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Can a tornado cross a river?

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Let’s say you find yourself in Kansas, watching a tornado in the distance. You’re holding onto Toto and impatiently looking at the approaching twister because you simply don’t have the time this week to take an enchanted trip to Oz, what with your dentist appointment and that lunch date with your old college pal. What to do? You don’t hide in a totally rickety farmhouse that clearly has a terrible foundation. (Why would that ever work, Dorothy? Get your head in the game.) Instead, you run to the nearest body of water and cross it, putting the water between you and the tornado. You watch the tornado get to the edge of the lake or river, where you triumphantly shake your fist at it as it retreats in unqualified defeat.

That’s really creative thinking, and much respect for your presence of mind. However, you should be prepared for the fact that as you dance happily on the distant shore, the tornado absolutely will be on its way to annihilate you. Because, yes, a tornado can cross a river. Or a lake. Or pretty much any obstacle you – or nature – try to set in its way.

More to the point? A tornado can go wherever the heck it wants, and it does. The 1925 Tri-State tornado killed almost 700 people, injured more than 2,000, and as of 2014 was the deadliest in recorded history [source: Encyclopædia Britannica]. As you can tell from its name, it didn’t respect state borders, and it took the same liberty with bodies of water, crossing both the Wabash and Mississippi rivers. The 1840 Natchez, Mississippi, tornado was even bolder, as it traveled down the center of the Mississippi River, destroying both shores along the way. The dead outnumbered the injured in the Natchez tornado, 317 and 109 respectively, and most were killed near or on the river [source: Nelson].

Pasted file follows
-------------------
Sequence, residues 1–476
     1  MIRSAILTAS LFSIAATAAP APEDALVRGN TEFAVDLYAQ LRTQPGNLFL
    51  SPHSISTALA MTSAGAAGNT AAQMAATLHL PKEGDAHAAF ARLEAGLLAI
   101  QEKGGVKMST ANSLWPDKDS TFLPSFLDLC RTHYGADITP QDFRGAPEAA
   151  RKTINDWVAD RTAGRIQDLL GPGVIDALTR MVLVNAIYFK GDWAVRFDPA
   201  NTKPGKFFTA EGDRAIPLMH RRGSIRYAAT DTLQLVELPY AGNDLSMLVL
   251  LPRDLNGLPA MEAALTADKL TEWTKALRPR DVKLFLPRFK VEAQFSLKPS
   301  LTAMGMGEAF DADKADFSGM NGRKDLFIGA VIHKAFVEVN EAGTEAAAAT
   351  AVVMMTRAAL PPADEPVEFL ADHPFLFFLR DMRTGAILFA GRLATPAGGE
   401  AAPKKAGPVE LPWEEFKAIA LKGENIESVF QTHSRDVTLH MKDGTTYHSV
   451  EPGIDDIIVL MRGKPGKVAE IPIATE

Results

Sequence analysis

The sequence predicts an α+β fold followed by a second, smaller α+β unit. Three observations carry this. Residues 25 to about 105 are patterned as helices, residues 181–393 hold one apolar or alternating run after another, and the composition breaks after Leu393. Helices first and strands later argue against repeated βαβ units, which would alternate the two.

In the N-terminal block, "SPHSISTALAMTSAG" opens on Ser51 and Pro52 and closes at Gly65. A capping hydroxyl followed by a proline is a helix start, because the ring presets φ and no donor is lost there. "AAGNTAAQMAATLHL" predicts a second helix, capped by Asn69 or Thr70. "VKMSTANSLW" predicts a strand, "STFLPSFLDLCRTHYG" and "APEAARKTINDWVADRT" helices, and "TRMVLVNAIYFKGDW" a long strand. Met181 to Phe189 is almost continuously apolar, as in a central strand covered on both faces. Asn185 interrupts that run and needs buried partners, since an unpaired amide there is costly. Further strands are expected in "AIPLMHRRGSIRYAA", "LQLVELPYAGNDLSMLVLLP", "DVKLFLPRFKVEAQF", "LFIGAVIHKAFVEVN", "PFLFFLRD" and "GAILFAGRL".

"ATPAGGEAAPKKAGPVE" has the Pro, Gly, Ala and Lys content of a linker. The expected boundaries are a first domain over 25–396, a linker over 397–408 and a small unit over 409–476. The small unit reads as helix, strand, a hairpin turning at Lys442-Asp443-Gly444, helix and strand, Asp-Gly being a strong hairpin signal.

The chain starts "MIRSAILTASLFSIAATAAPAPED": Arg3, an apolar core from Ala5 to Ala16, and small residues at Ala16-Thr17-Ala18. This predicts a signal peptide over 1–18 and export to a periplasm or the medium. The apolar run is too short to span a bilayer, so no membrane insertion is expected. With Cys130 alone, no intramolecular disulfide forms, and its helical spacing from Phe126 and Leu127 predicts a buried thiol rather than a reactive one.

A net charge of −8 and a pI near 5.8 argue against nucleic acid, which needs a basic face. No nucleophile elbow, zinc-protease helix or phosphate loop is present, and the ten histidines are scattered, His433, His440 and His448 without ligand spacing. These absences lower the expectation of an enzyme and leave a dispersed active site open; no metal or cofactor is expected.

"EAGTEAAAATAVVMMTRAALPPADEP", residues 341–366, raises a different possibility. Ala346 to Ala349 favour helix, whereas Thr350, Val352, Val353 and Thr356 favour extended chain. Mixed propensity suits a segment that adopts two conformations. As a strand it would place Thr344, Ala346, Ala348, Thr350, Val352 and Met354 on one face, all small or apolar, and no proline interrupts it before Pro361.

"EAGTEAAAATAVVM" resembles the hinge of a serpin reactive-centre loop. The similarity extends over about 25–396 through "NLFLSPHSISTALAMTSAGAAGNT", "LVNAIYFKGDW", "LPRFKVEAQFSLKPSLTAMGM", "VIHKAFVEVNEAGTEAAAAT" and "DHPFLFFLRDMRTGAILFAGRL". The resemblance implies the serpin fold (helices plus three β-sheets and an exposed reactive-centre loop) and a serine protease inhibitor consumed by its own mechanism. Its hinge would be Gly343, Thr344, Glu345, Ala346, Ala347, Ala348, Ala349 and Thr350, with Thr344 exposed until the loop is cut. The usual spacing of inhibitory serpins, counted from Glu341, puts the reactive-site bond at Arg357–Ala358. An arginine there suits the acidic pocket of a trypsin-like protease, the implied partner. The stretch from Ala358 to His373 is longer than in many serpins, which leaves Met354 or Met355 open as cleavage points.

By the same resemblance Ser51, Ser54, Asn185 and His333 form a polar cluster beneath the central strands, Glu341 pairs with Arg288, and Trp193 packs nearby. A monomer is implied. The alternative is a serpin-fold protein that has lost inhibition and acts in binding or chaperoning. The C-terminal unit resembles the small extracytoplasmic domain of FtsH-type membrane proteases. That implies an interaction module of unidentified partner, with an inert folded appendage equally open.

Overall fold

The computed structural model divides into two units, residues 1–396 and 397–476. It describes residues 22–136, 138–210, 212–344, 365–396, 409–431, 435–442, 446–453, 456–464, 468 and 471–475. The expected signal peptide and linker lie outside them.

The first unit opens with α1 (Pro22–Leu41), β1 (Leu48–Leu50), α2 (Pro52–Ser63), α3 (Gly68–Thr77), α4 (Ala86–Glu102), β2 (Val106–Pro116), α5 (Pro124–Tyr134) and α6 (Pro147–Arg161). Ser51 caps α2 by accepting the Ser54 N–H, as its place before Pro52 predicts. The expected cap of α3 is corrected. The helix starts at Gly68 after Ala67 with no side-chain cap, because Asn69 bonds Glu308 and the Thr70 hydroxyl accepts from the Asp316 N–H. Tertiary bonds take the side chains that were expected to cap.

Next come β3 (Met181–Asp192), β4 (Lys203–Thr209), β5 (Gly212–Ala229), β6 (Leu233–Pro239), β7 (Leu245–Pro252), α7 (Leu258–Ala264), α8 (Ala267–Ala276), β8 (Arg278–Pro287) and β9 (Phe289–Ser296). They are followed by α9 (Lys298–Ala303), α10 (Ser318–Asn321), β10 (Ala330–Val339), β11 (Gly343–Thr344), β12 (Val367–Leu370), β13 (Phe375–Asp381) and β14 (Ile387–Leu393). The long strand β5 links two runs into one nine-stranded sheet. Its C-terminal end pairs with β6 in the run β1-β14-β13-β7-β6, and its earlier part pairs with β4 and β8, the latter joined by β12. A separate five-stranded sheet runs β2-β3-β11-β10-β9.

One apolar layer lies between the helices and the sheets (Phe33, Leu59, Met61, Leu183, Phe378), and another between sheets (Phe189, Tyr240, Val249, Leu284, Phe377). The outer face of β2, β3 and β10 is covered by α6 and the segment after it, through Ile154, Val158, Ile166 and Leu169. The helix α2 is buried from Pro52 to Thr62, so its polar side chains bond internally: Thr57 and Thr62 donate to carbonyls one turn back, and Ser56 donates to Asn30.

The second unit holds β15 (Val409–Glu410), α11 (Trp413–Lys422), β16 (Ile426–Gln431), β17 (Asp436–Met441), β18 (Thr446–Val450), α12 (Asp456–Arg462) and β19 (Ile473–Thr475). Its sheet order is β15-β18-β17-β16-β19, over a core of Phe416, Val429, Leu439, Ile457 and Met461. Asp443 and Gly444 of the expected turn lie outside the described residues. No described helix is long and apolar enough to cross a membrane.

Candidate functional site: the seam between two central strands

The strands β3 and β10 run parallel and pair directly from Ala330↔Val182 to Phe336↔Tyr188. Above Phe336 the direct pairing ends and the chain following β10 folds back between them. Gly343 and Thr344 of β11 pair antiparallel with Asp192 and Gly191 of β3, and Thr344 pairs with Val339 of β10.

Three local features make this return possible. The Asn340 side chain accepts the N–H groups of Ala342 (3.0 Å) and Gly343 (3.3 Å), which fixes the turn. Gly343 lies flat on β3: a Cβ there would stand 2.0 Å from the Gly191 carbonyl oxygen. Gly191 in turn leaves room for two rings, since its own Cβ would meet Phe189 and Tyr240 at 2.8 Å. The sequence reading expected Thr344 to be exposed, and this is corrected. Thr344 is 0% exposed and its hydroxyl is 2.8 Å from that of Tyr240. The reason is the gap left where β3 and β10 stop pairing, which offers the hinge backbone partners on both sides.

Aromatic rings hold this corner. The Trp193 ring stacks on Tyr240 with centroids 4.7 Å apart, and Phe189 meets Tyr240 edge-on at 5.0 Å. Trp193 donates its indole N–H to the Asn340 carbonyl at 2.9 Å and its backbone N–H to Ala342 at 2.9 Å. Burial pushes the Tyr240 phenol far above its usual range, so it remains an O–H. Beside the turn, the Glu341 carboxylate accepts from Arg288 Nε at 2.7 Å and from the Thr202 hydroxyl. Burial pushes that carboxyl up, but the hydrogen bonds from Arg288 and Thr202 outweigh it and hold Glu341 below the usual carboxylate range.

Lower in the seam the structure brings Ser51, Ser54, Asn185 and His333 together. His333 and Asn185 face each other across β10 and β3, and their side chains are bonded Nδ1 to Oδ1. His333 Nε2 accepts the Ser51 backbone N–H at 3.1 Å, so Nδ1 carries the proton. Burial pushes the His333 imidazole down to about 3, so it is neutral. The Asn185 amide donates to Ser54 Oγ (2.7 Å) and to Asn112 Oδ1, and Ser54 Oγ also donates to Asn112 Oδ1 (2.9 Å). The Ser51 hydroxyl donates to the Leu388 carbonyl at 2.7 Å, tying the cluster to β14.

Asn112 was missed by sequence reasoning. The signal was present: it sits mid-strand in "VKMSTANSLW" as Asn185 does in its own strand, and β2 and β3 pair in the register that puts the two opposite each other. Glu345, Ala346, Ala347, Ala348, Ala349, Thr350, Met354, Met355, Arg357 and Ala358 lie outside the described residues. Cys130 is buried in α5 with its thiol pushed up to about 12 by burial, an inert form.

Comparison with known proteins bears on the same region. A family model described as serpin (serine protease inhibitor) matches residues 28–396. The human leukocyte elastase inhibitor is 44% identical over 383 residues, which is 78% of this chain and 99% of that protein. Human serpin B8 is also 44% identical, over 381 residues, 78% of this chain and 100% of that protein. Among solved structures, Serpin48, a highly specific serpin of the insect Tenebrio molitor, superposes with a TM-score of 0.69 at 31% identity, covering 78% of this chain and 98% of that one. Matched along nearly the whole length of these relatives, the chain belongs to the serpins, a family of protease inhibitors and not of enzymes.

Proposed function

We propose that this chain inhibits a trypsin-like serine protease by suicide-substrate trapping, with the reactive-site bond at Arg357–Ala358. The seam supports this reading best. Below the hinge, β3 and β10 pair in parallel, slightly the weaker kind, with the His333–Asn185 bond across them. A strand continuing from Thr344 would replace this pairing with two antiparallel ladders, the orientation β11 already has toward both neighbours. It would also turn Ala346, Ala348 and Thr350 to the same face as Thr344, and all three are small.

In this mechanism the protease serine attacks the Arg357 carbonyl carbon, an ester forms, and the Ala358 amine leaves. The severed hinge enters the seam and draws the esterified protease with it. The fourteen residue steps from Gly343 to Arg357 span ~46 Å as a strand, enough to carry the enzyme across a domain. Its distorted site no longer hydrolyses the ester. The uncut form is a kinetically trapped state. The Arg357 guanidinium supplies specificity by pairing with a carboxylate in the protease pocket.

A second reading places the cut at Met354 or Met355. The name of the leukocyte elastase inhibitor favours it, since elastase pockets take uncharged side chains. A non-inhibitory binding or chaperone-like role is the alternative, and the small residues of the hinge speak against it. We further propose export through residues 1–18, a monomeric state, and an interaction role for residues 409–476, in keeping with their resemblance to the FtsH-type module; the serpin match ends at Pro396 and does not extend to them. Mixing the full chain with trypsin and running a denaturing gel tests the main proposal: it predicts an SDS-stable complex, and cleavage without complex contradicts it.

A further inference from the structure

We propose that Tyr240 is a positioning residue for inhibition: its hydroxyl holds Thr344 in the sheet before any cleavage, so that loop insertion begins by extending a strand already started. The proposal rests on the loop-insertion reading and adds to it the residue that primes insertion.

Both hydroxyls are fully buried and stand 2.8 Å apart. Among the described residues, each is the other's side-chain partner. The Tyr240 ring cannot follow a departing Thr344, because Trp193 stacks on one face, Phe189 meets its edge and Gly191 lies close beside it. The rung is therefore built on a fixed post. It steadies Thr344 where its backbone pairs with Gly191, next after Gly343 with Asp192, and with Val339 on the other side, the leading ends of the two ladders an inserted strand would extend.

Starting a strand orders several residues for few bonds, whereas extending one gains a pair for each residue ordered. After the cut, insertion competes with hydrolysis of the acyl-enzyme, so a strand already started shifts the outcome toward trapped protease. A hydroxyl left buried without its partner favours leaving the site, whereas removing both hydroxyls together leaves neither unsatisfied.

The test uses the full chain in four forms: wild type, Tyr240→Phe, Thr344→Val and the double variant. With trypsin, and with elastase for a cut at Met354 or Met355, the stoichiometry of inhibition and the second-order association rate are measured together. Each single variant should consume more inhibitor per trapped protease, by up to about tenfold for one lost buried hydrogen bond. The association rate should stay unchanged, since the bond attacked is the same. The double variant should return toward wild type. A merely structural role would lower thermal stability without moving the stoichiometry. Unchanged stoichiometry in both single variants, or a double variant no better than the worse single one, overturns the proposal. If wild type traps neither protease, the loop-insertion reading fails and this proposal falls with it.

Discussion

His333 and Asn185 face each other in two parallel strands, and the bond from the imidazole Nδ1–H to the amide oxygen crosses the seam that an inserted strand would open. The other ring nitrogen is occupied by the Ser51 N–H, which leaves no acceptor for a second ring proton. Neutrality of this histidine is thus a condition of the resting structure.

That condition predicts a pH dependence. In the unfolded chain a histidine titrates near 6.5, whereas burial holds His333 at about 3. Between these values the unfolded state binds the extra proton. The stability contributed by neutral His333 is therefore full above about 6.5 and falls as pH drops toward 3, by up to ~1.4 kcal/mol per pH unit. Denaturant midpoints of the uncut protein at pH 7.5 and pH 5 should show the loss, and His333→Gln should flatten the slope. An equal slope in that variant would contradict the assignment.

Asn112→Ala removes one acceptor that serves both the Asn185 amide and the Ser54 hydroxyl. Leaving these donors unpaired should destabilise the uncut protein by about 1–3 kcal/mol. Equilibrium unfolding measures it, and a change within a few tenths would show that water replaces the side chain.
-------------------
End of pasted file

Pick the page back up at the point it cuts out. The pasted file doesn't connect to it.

Don’t forget that some tornadoes form on the water, or move from land to water. They’re called waterspouts, and they have the same brand of terrible destruction. They mark their paths with hail, lightning and severe storms [source: NOAA].

What’s our takeaway? Go to a designated shelter if possible, and – failing that – find a basement or room without windows on a ground floor and hunker down under a secure table. Stay away from windows. You bet your running shoes that you cannot “escape” a tornado by putting a body of water between you and its path.

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Encyclopædia Britannica Online. “Tri-State Tornado of 1925.” Jan. 29, 2015. (Dec. 10, 2014) http://www.britannica.com/EBchecked/topic/1472896/Tri-State-Tornado-of-1925.

Missouri Storm Aware. “Tornado Myths.” 2015. (Dec. 10, 2014) http://stormaware.mo.gov/tornado-myths/

National Oceanic and Atmospheric Administration. “What is a waterspout?” Oct. 10, 2014. (Dec. 10, 2014) http://oceanservice.noaa.gov/facts/waterspout.html

National Weather Service Forecast Office, Milwaukee/Sullivan, Wisconsin. “Part 4 – Tornado Myths.” March 26, 2014. (Dec. 10, 2014) http://www.crh.noaa.gov/mkx/?n=taw-part2-tornado_myths

National Weather Service Forecast Office, Norman, Oklahoma. “Frequently Asked Questions (FAQ) – Tornadoes.” May 14, 2013. (Dec. 10, 2014) http://www.srh.noaa.gov/oun/?n=faq-tornadoes

Nelson, Stanley. “The great Natchez tornado of 1840.” Natchez City Cemetery. Dec. 13, 2004. (Dec. 10, 2014) http://www.natchezcitycemetery.com/custom/webpage.cfm?content=News&id=75

Weather Underground. “Tornadoes: Fact Vs. Myth.” 2015. (Dec. 10, 2014) http://www.wunderground.com/resources/severe/tornado_myths.asp

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